About half of transgender and gender-diverse patients who undergo gender-affirming genital surgery travel outside their home state to receive this care, and those who travel pay nearly 50% more in out-of-pocket medical expenses.
This is according to a study – “Spending and Out-of-Pocket Costs for Genital Gender-Affirming Surgery in the U.S.” by Jae Downing, Sarah K. Holt, Michael Cunetta, John L. Gore, and Geolani W. Dy – that appeared in JAMA Surgery.
A similar study has unfortunately not been done in the Philippines, though the U.S. study still highlights that “traveling a long distance for a major procedure such as gender-affirming genital surgery places a large burden on patients.”
“We already knew that traveling for health care requires patients to take time off work and pay for travel and lodging on their own, and that it can make receiving follow-up care from qualified providers who are familiar with each patient’s unique needs challenging. Now, (this) study shows that traveling out of state also increases out-of-pocket medical expenses for trans and gender-diverse patients — even though their surgery’s total cost is largely the same,” Downing said.
Transgender and gender-diverse people are assigned a sex at birth that differs from their gender identity. Many transgender patients seek medically necessary care from health professionals to affirm their gender. Each transgender patient’s care needs are unique; some patients seek hormone therapy and others seek surgeries for their chest, face or genitals. Genital surgical care is complex, is led by specialized surgeons and can require multiple, subsequent procedures.
To understand the cost of gender-affirming genital surgery, Downing and colleagues from OHSU and the University of Washington studied a research database containing US commercial insurance claim information for 129 million people between 2007 and 2019. Within that data set, 771 patients received a feminizing genital surgery, known as vaginoplasty, or a masculinizing genital surgery, known as phalloplasty.
For all gender-affirming genital procedures combined, 49% of patients traveled outside their own state to receive surgical care. At the same time, whether a surgery was done within or outside a patient’s home state, there was no statistically significant difference in each procedure’s total cost.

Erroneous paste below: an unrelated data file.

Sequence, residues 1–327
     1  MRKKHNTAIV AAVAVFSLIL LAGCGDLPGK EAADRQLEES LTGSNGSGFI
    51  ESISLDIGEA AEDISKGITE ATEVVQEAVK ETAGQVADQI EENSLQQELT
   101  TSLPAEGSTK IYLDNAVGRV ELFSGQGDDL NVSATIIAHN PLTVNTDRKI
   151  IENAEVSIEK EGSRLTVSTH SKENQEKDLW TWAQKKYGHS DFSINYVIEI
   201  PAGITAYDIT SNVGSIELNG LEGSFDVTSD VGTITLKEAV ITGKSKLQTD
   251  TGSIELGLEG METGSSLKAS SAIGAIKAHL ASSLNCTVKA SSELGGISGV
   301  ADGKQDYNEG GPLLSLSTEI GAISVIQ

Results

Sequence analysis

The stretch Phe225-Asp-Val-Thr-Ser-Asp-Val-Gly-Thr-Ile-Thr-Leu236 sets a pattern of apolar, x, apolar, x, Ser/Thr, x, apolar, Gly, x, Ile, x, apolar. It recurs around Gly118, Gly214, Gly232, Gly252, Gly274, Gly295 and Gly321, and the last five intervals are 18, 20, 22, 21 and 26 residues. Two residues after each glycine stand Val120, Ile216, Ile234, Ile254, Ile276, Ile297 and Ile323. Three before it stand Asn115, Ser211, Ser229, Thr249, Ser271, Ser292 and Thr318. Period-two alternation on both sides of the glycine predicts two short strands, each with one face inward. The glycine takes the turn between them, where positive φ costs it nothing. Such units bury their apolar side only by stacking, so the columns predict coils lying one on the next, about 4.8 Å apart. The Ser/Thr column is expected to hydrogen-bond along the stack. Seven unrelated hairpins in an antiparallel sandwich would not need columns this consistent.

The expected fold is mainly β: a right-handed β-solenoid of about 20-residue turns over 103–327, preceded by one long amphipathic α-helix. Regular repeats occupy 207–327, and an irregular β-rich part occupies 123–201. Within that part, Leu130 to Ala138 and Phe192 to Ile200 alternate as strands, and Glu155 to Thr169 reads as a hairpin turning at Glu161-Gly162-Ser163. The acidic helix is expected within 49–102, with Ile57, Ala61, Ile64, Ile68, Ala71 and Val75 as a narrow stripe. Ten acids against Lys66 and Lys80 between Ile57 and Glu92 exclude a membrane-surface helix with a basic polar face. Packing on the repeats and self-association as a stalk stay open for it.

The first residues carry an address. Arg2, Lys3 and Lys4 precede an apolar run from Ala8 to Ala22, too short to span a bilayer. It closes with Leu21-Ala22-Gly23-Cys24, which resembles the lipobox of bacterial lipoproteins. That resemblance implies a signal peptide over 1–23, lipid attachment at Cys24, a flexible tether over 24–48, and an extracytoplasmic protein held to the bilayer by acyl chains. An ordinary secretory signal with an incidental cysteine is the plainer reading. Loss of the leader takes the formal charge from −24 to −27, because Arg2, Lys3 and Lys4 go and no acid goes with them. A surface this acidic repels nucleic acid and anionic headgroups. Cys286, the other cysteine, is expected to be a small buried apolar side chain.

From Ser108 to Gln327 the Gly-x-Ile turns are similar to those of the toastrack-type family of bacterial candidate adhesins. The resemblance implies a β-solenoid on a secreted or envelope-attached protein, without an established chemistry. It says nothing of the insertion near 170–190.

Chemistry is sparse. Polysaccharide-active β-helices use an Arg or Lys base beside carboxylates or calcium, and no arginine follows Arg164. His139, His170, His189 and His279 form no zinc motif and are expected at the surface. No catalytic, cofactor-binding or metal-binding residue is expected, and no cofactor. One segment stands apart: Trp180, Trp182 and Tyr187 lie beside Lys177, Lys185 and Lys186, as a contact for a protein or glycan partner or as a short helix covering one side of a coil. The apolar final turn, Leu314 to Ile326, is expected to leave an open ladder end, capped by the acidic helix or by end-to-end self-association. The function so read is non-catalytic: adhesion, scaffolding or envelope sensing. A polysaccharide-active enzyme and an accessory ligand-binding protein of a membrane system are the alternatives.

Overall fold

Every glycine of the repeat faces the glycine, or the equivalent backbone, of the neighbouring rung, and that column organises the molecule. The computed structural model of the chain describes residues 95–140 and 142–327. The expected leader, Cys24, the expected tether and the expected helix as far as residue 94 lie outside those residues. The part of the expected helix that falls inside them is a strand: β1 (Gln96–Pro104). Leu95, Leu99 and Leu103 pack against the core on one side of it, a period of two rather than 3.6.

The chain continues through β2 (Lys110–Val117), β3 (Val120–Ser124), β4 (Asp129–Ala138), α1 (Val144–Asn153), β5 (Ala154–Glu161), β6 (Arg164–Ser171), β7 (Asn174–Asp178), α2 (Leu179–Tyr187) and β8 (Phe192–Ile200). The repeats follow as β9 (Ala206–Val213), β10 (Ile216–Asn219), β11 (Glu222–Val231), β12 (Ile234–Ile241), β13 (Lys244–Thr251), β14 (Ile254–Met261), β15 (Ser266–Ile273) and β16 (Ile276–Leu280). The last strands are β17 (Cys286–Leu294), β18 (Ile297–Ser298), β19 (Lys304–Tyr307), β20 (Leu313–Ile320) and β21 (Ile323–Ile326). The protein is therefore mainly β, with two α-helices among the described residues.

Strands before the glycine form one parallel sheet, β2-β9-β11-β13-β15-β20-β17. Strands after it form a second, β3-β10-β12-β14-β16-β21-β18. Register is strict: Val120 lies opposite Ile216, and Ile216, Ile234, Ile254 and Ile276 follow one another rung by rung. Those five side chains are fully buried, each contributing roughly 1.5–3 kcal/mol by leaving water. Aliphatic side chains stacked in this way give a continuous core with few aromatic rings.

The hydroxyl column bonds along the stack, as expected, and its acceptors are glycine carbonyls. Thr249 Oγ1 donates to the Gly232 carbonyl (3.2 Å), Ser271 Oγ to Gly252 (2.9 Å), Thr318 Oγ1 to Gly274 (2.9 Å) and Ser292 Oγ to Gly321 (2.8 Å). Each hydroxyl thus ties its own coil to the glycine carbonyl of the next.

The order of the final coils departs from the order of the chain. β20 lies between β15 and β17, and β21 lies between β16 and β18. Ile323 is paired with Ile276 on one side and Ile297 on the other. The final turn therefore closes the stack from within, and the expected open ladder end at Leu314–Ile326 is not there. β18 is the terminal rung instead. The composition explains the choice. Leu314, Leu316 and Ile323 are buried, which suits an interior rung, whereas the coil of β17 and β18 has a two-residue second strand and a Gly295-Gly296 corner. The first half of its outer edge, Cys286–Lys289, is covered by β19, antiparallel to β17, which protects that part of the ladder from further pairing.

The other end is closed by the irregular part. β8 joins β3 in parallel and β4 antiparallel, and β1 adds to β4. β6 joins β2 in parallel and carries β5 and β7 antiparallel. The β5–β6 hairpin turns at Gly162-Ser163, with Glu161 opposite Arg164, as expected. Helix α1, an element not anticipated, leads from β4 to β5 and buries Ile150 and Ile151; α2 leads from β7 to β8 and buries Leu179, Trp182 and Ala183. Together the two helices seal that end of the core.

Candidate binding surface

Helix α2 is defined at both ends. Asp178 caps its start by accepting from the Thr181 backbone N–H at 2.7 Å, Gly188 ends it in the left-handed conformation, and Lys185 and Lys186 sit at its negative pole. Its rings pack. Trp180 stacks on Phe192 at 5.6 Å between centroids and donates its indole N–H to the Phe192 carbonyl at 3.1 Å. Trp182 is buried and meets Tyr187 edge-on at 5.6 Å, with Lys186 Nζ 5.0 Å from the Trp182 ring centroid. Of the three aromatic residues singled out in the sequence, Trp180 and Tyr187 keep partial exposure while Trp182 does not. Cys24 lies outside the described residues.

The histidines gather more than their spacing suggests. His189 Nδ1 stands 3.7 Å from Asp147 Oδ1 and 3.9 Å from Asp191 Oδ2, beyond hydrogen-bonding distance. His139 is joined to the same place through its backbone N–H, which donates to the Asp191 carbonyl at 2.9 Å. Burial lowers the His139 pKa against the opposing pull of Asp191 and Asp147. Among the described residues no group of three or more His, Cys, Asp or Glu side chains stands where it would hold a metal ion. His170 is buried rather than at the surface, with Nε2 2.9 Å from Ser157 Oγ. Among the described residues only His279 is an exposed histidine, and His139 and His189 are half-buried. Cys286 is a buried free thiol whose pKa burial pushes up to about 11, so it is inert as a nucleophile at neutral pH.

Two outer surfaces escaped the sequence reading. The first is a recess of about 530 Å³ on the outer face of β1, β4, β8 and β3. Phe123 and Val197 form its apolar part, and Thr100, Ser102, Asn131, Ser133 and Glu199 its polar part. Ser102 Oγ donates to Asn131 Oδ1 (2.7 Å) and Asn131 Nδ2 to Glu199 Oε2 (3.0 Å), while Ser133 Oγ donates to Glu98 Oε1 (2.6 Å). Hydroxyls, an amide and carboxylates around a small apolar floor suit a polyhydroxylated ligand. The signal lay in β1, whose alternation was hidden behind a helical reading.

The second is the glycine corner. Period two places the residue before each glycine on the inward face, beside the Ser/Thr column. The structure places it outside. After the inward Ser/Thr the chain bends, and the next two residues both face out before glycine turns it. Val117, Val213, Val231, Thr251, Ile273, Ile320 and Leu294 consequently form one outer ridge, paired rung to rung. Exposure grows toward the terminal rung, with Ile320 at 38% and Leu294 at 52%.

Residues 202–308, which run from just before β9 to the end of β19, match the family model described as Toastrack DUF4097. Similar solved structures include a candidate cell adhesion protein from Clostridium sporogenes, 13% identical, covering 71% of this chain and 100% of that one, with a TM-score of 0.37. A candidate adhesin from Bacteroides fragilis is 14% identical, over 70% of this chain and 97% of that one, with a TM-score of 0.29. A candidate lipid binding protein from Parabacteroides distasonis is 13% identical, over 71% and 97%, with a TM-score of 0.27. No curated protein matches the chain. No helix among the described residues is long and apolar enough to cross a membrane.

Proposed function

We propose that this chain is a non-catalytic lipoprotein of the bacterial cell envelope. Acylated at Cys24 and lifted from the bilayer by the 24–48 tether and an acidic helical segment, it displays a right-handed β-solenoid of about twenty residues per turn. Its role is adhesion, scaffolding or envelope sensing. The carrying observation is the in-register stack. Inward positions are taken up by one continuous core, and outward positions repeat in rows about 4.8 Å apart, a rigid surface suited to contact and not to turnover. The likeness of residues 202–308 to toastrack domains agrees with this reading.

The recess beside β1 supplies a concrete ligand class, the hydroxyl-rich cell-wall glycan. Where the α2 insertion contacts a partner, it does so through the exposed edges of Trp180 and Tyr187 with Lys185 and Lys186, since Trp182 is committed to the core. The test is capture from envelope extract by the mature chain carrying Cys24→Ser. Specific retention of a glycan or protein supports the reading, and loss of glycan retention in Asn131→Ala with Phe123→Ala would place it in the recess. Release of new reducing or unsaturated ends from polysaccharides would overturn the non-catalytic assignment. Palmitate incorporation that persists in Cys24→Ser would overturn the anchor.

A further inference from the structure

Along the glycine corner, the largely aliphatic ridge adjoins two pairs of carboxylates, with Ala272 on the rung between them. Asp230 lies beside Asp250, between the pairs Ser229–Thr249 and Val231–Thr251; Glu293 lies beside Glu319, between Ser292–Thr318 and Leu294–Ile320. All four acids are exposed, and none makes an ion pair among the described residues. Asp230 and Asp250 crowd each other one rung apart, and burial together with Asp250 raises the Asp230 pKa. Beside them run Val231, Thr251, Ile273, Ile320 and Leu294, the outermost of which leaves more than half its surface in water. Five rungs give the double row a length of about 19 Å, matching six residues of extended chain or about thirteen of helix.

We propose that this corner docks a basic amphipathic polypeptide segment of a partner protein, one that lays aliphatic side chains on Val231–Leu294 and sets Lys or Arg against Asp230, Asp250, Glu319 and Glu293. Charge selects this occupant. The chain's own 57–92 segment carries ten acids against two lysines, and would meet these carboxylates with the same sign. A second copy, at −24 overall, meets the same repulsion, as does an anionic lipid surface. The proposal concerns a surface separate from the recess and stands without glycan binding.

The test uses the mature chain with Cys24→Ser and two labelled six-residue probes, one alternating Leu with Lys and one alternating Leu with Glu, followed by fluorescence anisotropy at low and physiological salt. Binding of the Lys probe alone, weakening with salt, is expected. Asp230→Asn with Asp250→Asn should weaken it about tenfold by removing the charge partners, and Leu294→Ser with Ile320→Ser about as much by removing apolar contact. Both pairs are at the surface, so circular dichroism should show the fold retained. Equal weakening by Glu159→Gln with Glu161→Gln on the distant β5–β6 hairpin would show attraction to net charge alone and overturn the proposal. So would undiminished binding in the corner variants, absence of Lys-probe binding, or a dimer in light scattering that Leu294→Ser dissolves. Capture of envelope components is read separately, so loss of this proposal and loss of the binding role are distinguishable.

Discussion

To calculate out-of-pocket medical expenses, the researchers added up coinsurance, copayments and deductible payments from insurance claims. They found the patients who traveled out of their state for surgery paid an average of nearly 50% more in out-of-pocket expenses than those who didn’t. The average out-of-state patient paid $2,645, compared with $1,781 for the average in-state patient.
Many patients may also need to travel out of their state for gender-affirming genital surgery because there aren’t enough surgeons who provide this care to begin with.
“Transgender and nonbinary patients experience enormous barriers to accessing gender-affirming surgery, with one barrier being the lack of local, qualified surgeons and dedicated support teams to help patients navigate this care,” said Geolani Dy, M.D., the study’s corresponding author and assistant professor of urology and of plastic and reconstructive surgery in the OHSU School of Medicine, who also provides vaginoplasty and other gender-affirming surgeries through the OHSU Transgender Health Program.
Researchers similarly found that just 1 in 100,000 patients had a gender-affirming genital surgery paid for by their commercial health insurance provider in 2019, which equates to about 1,800 such surgeries being covered nationwide that year. Drawing from a separate 2021 study on bariatric surgery — which also often isn’t covered by insurance — this study’s authors found that in 2019, bariatric surgery was 20 times more likely to be covered by insurance than gender-affirming genital surgery.
While an estimated 0.6% to 3% of the U.S. population may identify as transgender, 1 in 100,000 patients equates to about 0.001% of patients having gender-affirming genital surgery covered by commercial insurance. Although not all transgender patients seek genital surgery, commercial insurance appears to substantially undercover those who do, Downing noted.